• What is the nature of aircraft design defects in law?

Accident reports and other documents are very important to investigations because there are multiple reasons that an aircraft could experience a problem. Pilots are often legally liable for the safety of people in their aircrafts, but the manufacturers of planes and parts can also be at fault under certain circumstances.

  • What are these circumstances?

2 more lawsuits filed over small plane crash

People step on and off jetliners and other aircraft every day without thinking much of the risks involved. After all, jumbo jets are sleek machines that brings millions of people places every week without a major incident. But it is still possible for something to go wrong in the air.

The dangers may be higher for smaller aircraft, as pilots may lose control in rough conditions and their hulls may not be as hardy in emergency conditions. Although the capacity of a smaller aircraft is usually no larger than a dozen, the lives inside are dependent on the safety of the plane.

Counterfeit aircraft parts can make their way onto U.S. planes

When it's time to replace parts or even entire airplanes, owners and airlines are often looking for a deal. The history of commercial aviation shows that lower prices win out, and designers put ever more seats and spaces in for more fliers.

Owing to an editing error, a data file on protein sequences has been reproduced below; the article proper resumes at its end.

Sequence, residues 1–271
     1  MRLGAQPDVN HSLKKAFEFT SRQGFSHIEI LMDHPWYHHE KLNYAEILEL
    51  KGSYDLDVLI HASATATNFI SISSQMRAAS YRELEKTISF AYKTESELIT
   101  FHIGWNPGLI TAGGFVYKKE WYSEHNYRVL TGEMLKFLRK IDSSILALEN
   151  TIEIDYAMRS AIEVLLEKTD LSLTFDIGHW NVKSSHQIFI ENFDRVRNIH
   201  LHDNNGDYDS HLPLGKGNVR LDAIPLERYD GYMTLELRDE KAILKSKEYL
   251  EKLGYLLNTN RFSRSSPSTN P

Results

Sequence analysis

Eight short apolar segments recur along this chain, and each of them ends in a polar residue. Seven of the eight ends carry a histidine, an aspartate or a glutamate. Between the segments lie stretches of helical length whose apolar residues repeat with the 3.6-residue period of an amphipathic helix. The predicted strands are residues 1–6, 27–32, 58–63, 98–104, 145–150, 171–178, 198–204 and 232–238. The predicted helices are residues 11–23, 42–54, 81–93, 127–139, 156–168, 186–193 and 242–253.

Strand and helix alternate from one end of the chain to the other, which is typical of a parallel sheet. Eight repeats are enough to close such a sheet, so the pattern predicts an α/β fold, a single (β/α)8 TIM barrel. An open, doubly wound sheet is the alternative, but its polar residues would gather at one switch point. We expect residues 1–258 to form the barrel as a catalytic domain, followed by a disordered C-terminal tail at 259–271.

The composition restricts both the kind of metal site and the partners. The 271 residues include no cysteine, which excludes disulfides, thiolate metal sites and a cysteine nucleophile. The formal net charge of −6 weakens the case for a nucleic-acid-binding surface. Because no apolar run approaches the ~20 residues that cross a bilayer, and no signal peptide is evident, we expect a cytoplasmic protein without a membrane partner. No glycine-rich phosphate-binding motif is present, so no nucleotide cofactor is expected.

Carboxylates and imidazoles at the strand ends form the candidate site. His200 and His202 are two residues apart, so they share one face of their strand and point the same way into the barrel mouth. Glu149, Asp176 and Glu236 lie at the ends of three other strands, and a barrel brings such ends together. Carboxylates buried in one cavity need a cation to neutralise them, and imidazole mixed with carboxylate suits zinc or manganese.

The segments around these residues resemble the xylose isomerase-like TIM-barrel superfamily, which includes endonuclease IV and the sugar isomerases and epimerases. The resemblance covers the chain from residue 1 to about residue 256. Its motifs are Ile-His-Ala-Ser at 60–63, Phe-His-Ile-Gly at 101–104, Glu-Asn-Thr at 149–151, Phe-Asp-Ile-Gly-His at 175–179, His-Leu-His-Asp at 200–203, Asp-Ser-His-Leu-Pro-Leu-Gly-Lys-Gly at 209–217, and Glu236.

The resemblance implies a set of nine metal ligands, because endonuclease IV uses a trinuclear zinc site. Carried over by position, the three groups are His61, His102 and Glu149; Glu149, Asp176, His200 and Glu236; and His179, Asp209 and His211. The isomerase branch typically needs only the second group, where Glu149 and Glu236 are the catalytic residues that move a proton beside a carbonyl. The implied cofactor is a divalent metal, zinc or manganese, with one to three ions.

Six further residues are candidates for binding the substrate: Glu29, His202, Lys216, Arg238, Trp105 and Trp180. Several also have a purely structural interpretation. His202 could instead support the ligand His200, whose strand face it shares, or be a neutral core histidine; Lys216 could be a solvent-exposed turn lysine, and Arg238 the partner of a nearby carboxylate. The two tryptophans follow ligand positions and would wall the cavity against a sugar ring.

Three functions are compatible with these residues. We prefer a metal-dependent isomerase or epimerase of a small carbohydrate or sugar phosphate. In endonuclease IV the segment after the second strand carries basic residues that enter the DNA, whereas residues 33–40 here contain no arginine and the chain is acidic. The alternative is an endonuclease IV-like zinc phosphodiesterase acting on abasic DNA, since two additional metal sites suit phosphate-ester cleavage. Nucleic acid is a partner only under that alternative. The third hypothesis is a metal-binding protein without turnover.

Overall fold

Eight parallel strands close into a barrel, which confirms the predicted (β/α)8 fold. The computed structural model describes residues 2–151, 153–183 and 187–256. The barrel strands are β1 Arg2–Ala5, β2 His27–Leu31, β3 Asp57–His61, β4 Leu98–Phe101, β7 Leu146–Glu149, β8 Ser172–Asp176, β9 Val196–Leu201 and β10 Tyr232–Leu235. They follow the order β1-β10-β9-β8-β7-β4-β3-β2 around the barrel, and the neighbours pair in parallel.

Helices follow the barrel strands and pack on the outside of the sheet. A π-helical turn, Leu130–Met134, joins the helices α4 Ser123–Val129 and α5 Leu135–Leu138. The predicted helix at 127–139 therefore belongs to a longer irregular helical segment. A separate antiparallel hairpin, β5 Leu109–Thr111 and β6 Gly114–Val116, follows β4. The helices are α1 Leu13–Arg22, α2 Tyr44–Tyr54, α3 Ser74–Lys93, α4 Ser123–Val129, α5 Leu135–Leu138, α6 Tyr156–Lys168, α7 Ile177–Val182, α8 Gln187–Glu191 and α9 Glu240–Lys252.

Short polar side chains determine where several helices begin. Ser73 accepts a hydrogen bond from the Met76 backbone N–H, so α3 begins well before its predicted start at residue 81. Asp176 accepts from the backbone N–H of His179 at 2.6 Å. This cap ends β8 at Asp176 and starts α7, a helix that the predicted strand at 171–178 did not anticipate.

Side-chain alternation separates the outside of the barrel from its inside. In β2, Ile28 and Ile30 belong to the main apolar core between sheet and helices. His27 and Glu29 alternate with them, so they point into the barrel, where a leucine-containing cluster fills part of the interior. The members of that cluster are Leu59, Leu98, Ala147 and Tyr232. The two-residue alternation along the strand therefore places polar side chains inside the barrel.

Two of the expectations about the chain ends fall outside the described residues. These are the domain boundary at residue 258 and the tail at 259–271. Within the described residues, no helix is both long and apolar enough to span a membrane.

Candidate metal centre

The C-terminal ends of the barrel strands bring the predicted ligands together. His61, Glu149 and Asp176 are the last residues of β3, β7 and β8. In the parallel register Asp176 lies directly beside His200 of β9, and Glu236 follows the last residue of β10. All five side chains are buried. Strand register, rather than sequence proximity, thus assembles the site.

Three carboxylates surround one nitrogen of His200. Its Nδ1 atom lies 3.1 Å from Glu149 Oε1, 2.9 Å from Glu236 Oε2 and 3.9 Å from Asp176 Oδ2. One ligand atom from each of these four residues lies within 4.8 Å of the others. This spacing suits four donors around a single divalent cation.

This may not be true with small aircraft owners or pleasure fliers, but one problem can easily affect all people responsible for airplanes and helicopters. Cheaper parts are often tempting, but they may be too good an idea to be true.

Occupants survive small plane crash into river

Thousands of small plane flights happen every week across the country, and there are probably more flights taken by propeller aircraft than by passenger jets around the world. Although there are many advantages to smaller aircraft, they may be more prone to weather events and other risks.

But some problems with flights are neither the fault of pilots or so-called acts of God. Aircraft require regular maintenance and their parts must be of the highest quality. If manufacturers or other people helping with plane construction and conditioning are negligent in their duties, they may be liable for the results of accidents.

What happens if a family member is in a plane crash?